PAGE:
and caring too."


In a couple of crises, Lucy says, "he offered himself, for talking and 27 for helping. And when someone died in his family he wanted me there. The sexual, flirty part of our friendship is very small, but some— just enough to make it fun and different." She thinks—and I agree— that the sexual part, though small is always some, is always there when

a man and a woman are friends.

It's only in the past few years that I've made friends with men, in 28 the sense of a friendship that's mine, not just part of two couples. And achieving with them the ease and the trust I've found with women friends has value indeed. Under the dryer at home last week, putting on mascara and rouge, I comfortably sat and talked with a fellow named Peter. Peter, I finally decided, could handle the shock of me

164 Chapter 5 / Classification and Division

minus mascara under the dryer. Because we care for each other. Because we're friends. :, .&;,uu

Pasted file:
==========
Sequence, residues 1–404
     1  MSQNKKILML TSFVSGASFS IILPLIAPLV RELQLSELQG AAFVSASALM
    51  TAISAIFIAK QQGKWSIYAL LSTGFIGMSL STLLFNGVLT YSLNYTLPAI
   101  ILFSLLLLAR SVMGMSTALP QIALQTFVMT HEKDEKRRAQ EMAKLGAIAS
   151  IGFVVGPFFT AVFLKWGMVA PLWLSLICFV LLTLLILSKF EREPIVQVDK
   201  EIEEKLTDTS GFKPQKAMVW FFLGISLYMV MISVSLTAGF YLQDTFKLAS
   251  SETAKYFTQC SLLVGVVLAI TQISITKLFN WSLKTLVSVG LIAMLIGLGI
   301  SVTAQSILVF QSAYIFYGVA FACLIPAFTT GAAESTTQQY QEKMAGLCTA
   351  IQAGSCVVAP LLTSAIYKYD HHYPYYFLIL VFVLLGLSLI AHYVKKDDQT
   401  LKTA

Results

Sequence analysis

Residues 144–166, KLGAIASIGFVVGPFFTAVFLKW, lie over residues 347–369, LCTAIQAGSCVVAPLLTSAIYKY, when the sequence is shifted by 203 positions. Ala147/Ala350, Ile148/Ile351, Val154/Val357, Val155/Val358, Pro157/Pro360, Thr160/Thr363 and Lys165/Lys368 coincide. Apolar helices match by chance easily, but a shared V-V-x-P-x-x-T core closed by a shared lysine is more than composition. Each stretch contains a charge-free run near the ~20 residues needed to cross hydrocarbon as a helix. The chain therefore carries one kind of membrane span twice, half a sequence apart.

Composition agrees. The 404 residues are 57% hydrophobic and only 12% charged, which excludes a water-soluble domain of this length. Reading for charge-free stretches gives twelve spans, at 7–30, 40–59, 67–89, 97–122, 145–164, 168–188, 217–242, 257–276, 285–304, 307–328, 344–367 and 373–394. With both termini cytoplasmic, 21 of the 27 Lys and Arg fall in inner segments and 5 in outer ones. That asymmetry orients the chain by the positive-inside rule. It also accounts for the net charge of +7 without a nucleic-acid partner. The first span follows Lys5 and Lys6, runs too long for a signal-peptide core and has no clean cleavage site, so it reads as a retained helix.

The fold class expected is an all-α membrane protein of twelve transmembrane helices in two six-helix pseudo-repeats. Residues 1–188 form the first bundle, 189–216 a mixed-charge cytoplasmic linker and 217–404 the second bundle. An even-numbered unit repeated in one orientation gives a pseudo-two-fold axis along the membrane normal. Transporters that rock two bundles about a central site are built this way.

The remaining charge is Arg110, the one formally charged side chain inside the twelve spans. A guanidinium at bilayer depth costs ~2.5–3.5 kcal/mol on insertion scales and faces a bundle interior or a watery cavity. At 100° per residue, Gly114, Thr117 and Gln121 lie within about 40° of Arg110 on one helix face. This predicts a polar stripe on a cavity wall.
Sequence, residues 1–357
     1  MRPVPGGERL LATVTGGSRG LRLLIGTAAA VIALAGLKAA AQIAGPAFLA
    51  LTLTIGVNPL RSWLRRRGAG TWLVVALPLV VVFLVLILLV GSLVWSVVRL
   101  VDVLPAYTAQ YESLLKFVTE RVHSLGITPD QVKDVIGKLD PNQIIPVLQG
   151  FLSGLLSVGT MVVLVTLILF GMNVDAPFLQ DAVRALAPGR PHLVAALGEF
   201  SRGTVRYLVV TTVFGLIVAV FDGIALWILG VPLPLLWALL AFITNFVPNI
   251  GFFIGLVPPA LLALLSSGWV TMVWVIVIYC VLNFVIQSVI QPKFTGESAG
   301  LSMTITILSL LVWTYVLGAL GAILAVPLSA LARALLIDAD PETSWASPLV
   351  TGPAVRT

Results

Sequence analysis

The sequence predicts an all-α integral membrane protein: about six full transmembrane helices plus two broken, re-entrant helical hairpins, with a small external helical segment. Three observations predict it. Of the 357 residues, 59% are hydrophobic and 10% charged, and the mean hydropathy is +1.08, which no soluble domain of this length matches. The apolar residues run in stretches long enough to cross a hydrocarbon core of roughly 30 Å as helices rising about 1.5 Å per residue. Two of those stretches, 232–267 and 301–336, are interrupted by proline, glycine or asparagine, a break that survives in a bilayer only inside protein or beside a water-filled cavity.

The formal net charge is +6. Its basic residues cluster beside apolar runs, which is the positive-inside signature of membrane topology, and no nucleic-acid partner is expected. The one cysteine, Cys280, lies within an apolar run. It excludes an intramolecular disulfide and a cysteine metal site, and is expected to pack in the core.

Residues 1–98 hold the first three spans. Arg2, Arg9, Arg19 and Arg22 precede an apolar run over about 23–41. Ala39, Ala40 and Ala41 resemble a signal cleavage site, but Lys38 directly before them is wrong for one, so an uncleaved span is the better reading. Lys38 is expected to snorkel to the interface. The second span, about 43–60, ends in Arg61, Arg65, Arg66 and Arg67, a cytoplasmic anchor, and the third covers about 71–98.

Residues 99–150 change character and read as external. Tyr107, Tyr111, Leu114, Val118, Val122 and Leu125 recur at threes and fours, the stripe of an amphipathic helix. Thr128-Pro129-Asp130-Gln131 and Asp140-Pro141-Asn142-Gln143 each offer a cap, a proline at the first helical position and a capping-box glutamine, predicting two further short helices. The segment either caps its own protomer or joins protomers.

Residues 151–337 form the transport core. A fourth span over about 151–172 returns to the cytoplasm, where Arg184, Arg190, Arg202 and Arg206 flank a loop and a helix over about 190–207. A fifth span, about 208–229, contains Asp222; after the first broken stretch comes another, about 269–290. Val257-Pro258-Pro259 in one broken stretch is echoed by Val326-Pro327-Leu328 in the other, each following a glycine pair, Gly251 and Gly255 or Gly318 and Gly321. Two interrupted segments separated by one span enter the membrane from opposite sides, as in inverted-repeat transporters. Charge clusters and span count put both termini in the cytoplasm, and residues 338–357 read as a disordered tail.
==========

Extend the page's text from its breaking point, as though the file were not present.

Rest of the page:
8. There are medium friends, and pretty good friends, and very 29 good friends, indeed, and these.friendships are defined by their level of intimacy. And what we'll reveal at each of these levels of intimacy is calibrated with care. We might tell a medium friend, for example, that yesterday we had a fight with our husband. And we might tell

a pretty good friend that this fight with our husband made us so mad that we slept on the couch. And we might tell a very good friend that the reason we got so mad in that fight that we slept on the couch had something to do with that girl who works in his office. But it's only to our very best friends that we're willing to tell all, to tell what's going on with that girl in his office.

The best of friends, I still believe, totally love and support and trust 30 each other, and bare to each other the secrets of their souls, and run— no questions asked—to help each other, and tell harsh truths to each other when they must be told.

But we needn't agree about everything (only 12-year-old girl friends 31 agree about everything) to tolerate each other's point of view. To accept \v without judgment. To give and to take without ever keeping score. $# And to be there, as I am for them and as they are for me, to comfort < our sorrows, to celebrate our joys. .- "V" •

Friends, Good Friends—and Such Good Friends / Judith Viorst


Questions About the Reading

1. What was Viorst's original definition of women friends? How does the definition within the essay differ from her original definition?